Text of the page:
4:00 – 4:30 Coffee/Tea Break – Murray Function Room, Yawkey Center

4:30 – 6:30 Plenary Session III – Decentering Piracies
Murray Function Room, Yawkey Center
Moderator: Amit Basole
Lisa Ikemoto, UC Davis School of Law, “Discovery + Race: From ‘Savages’ to HeLa”
Lawrence Liang, Alternative Law Institute, “Race and the Desire of Education: Public Law 480 and the Secret History of the DU Photocopy Case”
Henry Stobart, University of London, “Piracy and the Pink Tide: Shifting Landscapes of Music Production, Distribution, and Indigeneity in Bolivia and Beyond”

Saturday, April 22nd

8:00 – 9:00 Breakfast – Murray Function Room, Yawkey Center

9:00 – 11:00 Plenary Session IV – Racing Creativity and the Creative Arts
Murray Function Room, Yawkey Center
Moderator: Alfred Yen, Boston College Law School
KJ Greene, Thomas Jefferson School of Law, “Straight Outta Lawsuits: Hip Hop Music and Copyright Law As the Once and Future Bane of African-American Cultural Production”
Anthea Kraut, UC Riverside, “Race, Choreographic Copyright, and Intellectual Property in the Body”
Minh-Ha T. Pham, Pratt Institute, “Networked Media and the Racial License to Fashion Copy”

11:15 – 12:45 Concurrent Sessions III

IP and Racial Identity – Fulton 310
Tonya Evans, Widener Law Commonwealth, “Termination Power!: When IP Creators of Color Reclaim Copyright”
Jasjot Maan, UC Davis School of Law, “Race, National Identity, and Intellectual Property”
Kara Swanson, Northeastern University School of Law, “Patents and African American Civil Rights”

Race, Nations, and IPRs – Fulton 425
Benjamin Chen, UC Davis School of Law, “Is China’s Brand Industry Stifled by its Counterfeit Culture?”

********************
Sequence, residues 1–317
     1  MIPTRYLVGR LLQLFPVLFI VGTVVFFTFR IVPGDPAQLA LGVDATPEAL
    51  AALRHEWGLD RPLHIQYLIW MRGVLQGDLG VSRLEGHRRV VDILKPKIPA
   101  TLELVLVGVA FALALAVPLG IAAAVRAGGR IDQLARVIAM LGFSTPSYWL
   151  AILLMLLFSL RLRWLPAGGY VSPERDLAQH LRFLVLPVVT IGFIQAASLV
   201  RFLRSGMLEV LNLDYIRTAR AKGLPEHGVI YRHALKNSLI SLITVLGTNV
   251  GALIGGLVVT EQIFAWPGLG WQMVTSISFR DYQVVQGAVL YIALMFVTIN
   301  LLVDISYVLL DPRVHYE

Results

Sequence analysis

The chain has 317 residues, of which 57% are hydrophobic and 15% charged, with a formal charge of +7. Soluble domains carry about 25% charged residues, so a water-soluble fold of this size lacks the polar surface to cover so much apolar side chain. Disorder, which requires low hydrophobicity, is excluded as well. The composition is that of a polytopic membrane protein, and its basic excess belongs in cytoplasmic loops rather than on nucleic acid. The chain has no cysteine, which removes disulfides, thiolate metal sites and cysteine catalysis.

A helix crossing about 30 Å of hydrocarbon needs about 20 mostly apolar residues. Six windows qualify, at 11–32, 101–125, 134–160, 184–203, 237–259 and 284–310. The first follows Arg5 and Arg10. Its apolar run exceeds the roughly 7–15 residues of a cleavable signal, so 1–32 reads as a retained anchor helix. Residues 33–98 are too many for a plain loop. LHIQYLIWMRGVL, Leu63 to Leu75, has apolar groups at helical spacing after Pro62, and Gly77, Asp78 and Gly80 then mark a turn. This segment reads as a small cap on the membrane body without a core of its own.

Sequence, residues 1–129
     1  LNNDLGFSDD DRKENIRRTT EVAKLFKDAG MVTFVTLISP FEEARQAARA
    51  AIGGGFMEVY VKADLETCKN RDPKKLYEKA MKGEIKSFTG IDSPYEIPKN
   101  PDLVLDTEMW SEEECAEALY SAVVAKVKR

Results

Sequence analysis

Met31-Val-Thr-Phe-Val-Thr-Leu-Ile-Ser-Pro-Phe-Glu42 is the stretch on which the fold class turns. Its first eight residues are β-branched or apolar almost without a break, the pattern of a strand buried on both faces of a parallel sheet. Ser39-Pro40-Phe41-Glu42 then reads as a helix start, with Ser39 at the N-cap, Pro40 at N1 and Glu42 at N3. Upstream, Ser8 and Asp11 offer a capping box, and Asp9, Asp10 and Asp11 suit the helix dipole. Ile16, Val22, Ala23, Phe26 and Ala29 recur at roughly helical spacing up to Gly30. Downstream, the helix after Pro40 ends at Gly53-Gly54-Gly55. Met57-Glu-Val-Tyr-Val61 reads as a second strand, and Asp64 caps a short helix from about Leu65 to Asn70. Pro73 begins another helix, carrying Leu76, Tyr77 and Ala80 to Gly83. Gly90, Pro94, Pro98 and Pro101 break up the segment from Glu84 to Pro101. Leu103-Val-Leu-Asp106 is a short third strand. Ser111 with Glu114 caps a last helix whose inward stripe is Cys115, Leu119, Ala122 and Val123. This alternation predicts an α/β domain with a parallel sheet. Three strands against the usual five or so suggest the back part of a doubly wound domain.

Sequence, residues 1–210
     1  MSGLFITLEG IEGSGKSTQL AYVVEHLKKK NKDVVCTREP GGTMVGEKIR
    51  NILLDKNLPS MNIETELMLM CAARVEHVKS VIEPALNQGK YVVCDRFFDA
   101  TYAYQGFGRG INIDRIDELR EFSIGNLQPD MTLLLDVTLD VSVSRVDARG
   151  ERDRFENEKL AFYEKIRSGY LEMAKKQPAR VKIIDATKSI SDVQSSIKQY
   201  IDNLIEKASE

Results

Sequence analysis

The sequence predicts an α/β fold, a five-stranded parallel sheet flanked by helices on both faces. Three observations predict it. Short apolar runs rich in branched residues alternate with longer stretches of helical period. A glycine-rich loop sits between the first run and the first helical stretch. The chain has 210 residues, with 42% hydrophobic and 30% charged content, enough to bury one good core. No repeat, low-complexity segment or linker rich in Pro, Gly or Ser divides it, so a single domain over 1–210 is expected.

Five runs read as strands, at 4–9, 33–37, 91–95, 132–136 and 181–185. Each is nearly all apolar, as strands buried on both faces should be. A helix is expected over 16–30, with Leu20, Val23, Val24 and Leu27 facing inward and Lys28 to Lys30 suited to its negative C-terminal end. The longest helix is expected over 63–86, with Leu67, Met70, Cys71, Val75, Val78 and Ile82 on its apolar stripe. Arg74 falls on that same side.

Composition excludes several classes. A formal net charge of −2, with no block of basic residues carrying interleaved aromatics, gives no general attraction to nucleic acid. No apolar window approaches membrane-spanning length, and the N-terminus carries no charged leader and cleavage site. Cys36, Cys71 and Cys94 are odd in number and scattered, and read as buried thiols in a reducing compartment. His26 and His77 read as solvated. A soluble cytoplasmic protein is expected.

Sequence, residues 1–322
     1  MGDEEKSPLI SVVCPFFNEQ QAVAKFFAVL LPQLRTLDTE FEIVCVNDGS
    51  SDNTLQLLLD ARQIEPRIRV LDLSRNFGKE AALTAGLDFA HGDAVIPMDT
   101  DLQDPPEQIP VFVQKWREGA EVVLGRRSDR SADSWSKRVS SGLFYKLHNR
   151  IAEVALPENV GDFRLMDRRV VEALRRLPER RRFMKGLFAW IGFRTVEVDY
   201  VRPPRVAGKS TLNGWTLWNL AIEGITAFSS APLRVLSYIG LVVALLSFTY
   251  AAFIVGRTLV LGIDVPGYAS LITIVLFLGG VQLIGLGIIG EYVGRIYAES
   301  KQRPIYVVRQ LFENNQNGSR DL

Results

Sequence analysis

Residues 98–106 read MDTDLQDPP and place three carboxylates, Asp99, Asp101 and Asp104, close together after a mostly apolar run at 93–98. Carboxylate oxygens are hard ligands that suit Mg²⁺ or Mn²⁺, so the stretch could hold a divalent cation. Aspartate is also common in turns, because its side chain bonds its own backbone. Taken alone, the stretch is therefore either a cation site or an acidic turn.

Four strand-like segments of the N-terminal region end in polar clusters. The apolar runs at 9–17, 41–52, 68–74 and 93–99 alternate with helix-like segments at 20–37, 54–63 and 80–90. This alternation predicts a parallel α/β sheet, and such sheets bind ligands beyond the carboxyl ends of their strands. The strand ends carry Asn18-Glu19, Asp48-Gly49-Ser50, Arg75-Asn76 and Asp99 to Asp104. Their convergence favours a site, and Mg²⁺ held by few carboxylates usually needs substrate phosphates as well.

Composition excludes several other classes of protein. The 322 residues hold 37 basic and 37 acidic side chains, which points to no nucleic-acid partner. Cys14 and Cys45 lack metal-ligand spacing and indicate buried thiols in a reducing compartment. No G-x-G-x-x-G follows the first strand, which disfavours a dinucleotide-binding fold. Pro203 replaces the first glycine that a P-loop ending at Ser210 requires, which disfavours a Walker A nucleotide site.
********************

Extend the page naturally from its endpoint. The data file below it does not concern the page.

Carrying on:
Courtney Cole, Newbury College, “The Public Afterlife of Personal Testimony: Legal and Ethical Issues of Truth Commission’s Intellectual Property in South Africa, Sierra Leone, and Liberia”
Jason Zenor, SUNY Oswego, “(De)Termination? How Western Intellectual Property Law Protects the Misappropriation of Native American Cultural Property”

1:00 – 2:15 Roundtable Lunch – Murray Function Room, Yawkey Center
Teaching Race in the IP Classroom (IIPSJ/Mosaic) – Facilitated by Ann Bartow, University of New Hampshire School of Law
IP and Social Activism: How Community Organizers, Policy Activists, and Legal Scholars Can Protect the Public Interest (IIPSJ/MOSAIC) – Facilitated by Josh Lamel, Executive Director at Re:Create with Presentations by Guatam Hans, University of Michigan Law School, Taylor Moore, Center for Democracy and Technology, and Lateef Mtima, Howard University School of Law and Institute for Intellectual Property and Social Justice
IP and Indigenous Peoples’ Rights – Facilitated by Dev Kumar Sunuwar, Cultural Survival

2:30 – 4:00 Concurrent Sessions IV

Traditional Knowledge and IP – Fulton 310
Rosemary Coombe and Ali Malik, York University, “Rethinking the Work of Geographical Indications”
J. Janewa Oseitutu, Florida International University Law, “IP and Cultural Boundaries”

Social Justice and IP – Fulton 423
Victoria Ekstrand and Stephanie Mahin, University of North Carolina, Chapel Hill, “Trademarking #BlackLivesMatter: Social Movements, Political Speech, and a Critique of USPTO Practice”
Shontavia Johnson, Drake Law School, “Intellectual Property Ownership in Social Movements”
Taylor Moore, Free Expression Fellow, Center for Democracy and Technology, “Trade Secrets and Algorithms as Barriers to IP Social Justice”

Free Speech and Critical Race IP – Fulton 425
Bita Amani and Carys Craig, Queen’s University and Osgoode Hall Law School, “Under the Skin: New Trademark Slants on Slurs and Offensive Marks”
Brian Rowe, Northwest Justice Project, “Remix Culture”

4:00 – 4:30 Break – Murray Function Room, Yawkey Center

4:30 – 6:30 Plenary Session V – Reimagining IP
Murray Function Room, Yawkey Center
Jane Anderson, New York University, “De-colonial Futures: Local Contexts and the Traditional Knowledge Labels and Licenses Project”
Margaret Chon, Seattle University School of Law
Adam Haupt, University of Cape Town, “Decolonising Knowledge: Reading Hip-Hop Sampling in Relation to Scholarly Publishing”

6:30 – 7:00 Conference Close
Deidre Keller, Ohio Northern University Petit College of Law

7:30 – 8:30 Cocktail Reception – Holiday Inn, Boston-Brookline

8:30 – 10:30 Slants Concert and Talk – Holiday Inn, Boston-Brookline